Tracking interests with a custom Groovy Action

March 16, 2022

Overview

Continuing from the events we’ve been collecting using the previous tutorial, we’re going to configure jCustomer to perform various types of analysis.

In this tutorial we will be collecting interests (Healthcare or others), and automatically add them to user profiles, the objective being to obtain an array of interests such as:

{
  "interests": [
    { "healthcare": 5 },
    { "automotive": 1 },
    { "sports": 10 },
    { "cooking": 3 },
    { "technology": 2 }    
  ]
}

Collect interests

As explained above, the objective of our first step is to collect interests and append them to a profile, if this profile already has the interest, then its count gets incremented.

In jCustomer, such an operation require the user a two elements:

  • A rule must be created to act when an event condition is met.
  • An action will be called by the rule on all events matching its condition.

Introducing Karaf shell

Before proceeding further with creating actions and rules, it is important to get familiar with karaf tools and in particular event-tail and rule-tail which are a useful mean of verifying various operations.

The Karaf shell is accessible via SSH, by default on port 8012.

ubuntu@ip-10-0-3-253:~$ ssh -p 8102 karaf@localhost
Password authentication
Password:
        __ __                  ____
       / //_/____ __________ _/ __/
      / ,<  / __ `/ ___/ __ `/ /_
     / /| |/ /_/ / /  / /_/ / __/
    /_/ |_|\__,_/_/   \__,_/_/

  Apache Karaf (4.2.11)

Hit '<tab>' for a list of available commands
and '[cmd] --help' for help on a specific command.
Hit 'system:shutdown' to shutdown Karaf.
Hit '<ctrl-d>' or type 'logout' to disconnect shell from current session.

karaf@root()>

The event-tail command will automatically list events as they’re being received by the system, for example if you were to click on “Healthcare” again.

karaf@root()> event-tail
ID         |Type    |Session      |Profile        |Timestamp                    |Scope          |Persi|
-------------------------------------------------------------------------------------------------------
34b[...]0f7|click   |a37[...]566  |bd3[...]304    |Mon Nov 29 18:25:58 UTC 2021 |digitall       |true |

Similarly, the “rule-tail” will list rules as they’re being executed by the system and can be used as an easy way to validate that rule conditions are properly defined.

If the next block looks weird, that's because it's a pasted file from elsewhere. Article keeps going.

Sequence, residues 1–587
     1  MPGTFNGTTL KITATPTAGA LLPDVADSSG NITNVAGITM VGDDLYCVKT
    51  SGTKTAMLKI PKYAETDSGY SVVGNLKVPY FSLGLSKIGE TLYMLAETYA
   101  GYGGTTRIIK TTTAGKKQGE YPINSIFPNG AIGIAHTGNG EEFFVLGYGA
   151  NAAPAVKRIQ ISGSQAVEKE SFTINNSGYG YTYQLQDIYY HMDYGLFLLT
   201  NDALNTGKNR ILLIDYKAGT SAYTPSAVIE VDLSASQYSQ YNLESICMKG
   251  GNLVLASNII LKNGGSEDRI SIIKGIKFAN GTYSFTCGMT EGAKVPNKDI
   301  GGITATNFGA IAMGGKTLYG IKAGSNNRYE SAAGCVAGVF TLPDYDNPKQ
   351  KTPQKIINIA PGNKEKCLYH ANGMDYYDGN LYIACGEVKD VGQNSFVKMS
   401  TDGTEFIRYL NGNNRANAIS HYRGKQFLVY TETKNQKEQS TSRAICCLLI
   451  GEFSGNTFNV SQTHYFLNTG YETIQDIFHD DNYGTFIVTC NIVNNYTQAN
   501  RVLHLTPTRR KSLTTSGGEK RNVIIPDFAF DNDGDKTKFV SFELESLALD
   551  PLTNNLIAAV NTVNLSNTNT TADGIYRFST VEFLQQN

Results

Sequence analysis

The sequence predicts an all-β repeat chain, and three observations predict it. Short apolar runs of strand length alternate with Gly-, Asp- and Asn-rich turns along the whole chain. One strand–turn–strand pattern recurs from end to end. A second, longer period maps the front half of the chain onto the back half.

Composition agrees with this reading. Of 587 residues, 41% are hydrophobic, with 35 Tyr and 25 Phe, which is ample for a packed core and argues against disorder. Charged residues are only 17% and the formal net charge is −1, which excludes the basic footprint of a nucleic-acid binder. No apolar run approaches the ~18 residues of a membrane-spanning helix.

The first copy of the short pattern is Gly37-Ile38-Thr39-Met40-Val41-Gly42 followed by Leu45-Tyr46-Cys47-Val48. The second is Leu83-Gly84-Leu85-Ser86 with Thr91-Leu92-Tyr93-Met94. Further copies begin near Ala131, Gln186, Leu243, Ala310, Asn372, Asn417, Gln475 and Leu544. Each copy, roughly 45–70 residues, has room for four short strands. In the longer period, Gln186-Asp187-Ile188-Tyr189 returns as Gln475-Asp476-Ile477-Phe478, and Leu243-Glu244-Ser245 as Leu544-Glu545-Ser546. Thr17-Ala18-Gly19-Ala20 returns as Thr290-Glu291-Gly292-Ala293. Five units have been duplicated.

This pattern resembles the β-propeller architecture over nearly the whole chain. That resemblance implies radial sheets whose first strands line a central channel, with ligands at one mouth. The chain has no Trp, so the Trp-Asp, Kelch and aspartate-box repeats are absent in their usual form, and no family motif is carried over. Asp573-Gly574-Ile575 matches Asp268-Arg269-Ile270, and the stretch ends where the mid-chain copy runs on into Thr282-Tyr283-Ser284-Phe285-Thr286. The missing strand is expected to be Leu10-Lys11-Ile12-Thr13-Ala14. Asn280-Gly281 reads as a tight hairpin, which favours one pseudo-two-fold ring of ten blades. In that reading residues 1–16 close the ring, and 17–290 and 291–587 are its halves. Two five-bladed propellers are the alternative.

Register an action

We will begin by registering a new Groovy Action in jCustomer, for now we only want to make sure our action actually gets triggered when an event is received, so we’re going to keep its content to a minimum (displaying a log).

Save the code below to a file called “interestAction.groovy”
 

import java.util.logging.Logger

@Action(id = "scriptGroovyAction",
        description = "A Groovy action recording interests",
        actionExecutor = "groovy:interestAction",
        hidden = false)
def execute() {
    Logger logger = Logger.getLogger("scriptGroovyAction")
    logger.info("Groovy action for event type: " + event.getEventType())
    EventService.NO_CHANGE
}

From the same folder, we’re going to use curl to submit the action to jCustomer (don't forget to update credentials as needed).

curl --request POST \
  --url http://localhost:8181/cxs/groovyActions \
  --user karaf:karaf \
  --form file=@interestAction.groovy

We will revisit the action once we confirmed that it gets properly triggered when an event is received.

Register a rule

Now that we have an action that will be doing something, we can create a rule to trigger it on events matching a particular condition. Luckily for us, we defined that condition earlier when we were using unomi to search for our events.

Using curl, we’re going to submit the following rule:

curl --request POST \
  --url http://localhost:8181/cxs/rules \
  --user karaf:karaf \
  --header 'Content-Type: application/json' \
  --data '{
  "metadata": {
    "id": "testGroovyActionRule",